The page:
The introduction of Technegas in lung scintigraphy not only improved the ventilation scan but also facilitated another development which is now regarded as the single most important technique: Single Photon Emission Computed Tomography (SPECT). In the course of a SPECT scan, a three-dimensional image is obtained by rotating the detectors of the gamma camera around the patient. For evaluation, slices in any orientation can be reconstructed from the original three-dimensional scan. SPECT is a well-established imaging method that is widely used in modern nuclear medicine diagnostics. In particular, tomographic scans have almost completely replaced planar acquisitions in the fields of cardiology and neurology. Therefore, it is remarkable that this technique took such a long time before it finally became used in lung scintigraphy, and even more remarkably, it still is not widespread. This might be due to the relatively small number of patients requiring a lung scan, making the effort of changing the procedure economically unattractive. The effect of SPECT imaging on the diagnostic efficiency of the method is striking: while planar lung scans yield a sensitivity between 0.76 and 0.81, [9-11] in SPECT imaging, a substantial improvement up to 1.0 was found [11-14]. The same is true for the specificity which is reported to reach values of between 0.91 and 0.96 when using SPECT9, [11-13] (compared to values between 0.74 and 0.85 achieved by planar scintigraphy [9-11]). Diagnostic accuracy is affected accordingly: the advantages of the tomographic acquisition technique are illustrated in Figure 3 in which the segmental defect is detected by both the planar scintigraphy and the SPECT scan, while the defects on the subsegmental level can only be diagnosed by the SPECT scan.
In addition to SPECT imaging and ultrafine aerosols, several other techniques could significantly refine lung scintigraphy. Iterative image reconstruction algorithms , respiratory-gated acquisitions , the use of artificial neural networks for image interpretation , and threedimensional surface-shaded image processing  are only some of the techniques that show considerable potential. With regard to image interpretation, the use of the PIOPED criteria can no longer be recommended as the method of choice. The results of the PIOPED system are not a definitive statement on whether or not pulmonary embolism is present in a patient but merely a probability range. The criteria on which the system is based were developed in the course of a multicentre trial that was designed in 1983 . Since then, the data from the PIOPED study have lost some of their scientific value as they rely on imaging techniques that are largely outdated or even obsolete. It seems surprising that the opportunity was missed to integrate any of the above-mentioned modern imaging techniques into the study design of the PIOPED II trial that was planned in 2000 . Consequently, the results of that study will not be able to reflect the actual status quo. Instead of using the complex PIOPED system and its unsatisfactory probability classes, an alternative diagnostic approach is recommended which will give definitive and clear-cut diagnoses by assessing all mismatch defects of at least half segment size as pulmonary embolisms. By doing so, the diagnostic accuracy of the method is increased to 0.94 [11,20].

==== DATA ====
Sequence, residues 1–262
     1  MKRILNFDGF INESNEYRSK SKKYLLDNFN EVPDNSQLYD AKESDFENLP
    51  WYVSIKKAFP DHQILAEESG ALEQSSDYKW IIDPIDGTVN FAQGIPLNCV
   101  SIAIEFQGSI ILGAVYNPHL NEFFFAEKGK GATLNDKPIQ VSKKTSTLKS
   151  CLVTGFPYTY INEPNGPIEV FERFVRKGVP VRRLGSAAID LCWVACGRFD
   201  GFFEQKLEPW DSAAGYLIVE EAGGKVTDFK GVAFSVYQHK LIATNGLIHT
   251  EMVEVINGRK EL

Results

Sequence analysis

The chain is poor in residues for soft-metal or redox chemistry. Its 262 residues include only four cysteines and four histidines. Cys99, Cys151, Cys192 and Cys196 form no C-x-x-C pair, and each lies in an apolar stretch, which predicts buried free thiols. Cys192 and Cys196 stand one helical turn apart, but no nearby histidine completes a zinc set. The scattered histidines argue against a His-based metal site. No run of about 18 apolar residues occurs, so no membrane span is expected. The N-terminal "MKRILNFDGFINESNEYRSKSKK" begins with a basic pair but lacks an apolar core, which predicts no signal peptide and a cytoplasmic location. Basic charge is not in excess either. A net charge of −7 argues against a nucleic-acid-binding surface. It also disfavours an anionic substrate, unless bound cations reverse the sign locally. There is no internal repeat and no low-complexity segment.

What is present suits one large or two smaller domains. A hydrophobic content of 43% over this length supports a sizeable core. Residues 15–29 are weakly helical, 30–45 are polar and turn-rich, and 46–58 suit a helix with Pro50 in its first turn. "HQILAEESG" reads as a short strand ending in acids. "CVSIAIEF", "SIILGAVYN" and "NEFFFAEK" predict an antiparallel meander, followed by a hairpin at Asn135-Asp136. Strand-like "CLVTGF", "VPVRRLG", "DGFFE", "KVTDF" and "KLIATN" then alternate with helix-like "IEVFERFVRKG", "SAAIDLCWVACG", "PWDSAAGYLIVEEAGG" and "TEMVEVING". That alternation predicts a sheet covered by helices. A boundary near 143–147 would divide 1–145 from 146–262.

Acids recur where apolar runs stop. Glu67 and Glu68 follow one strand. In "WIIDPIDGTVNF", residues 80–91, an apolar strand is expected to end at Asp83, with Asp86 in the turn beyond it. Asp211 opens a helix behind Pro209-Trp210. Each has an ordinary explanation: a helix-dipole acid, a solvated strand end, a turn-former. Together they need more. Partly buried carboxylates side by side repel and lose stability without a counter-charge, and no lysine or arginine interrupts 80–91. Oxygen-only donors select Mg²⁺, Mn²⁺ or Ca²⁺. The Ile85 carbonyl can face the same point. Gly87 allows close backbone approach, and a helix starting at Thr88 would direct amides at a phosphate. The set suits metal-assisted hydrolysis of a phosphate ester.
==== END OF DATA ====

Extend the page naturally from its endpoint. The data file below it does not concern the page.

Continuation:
In summary, it can be seen that lung scintigraphy is a highly effective, non-invasive imaging procedure for the diagnosis of pulmonary embolism. Best results can be achieved by integrating modern techniques like SPECT imaging and ultrafine aerosols into the acquisition protocol. In this context, a worrying development can be observed in current study designs. Increasingly, articles are being published where an advanced tomographic imaging modality such as multislice or electron beam CT is compared with planar lung scintigraphy, acquired in a technique similar to that of the 20-year-old PIOPED trial - a study design that cannot give impartial results [21,22]. For a balanced comparison, we strongly recommend the use of state-of-the-art techniques for both modalities .
- Lung scintigraphy is exceptionally sensitive because it visualizes the relatively large perfusion defect caused by an embolus instead of the comparatively small embolus itself
- To increase specificity, lung scintigraphy should always comprise both a perfusion and a ventilation scan
- If technically possible, SPECT imaging should be used for the acquisition of all ventilation and perfusion scans. Planar scintigraphy can no longer be considered state-of-the-art
- Conventional and ultrafine aerosols have replaced radioactive inert gases as the ventilation agent of choice
- All mismatch defects of at least half segment size should be assessed as pulmonary embolism. The use of the PIOPED criteria for image interpretation can no longer be recommended
- All examinations should lead to a definitive and clear-cut diagnosis (embolism confirmed or disproved). Probability classes ought to be abandoned
- To realize a balanced and impartial study design for comparative trials, it is essential that lung scintigraphy is done using a state-of-the-art technique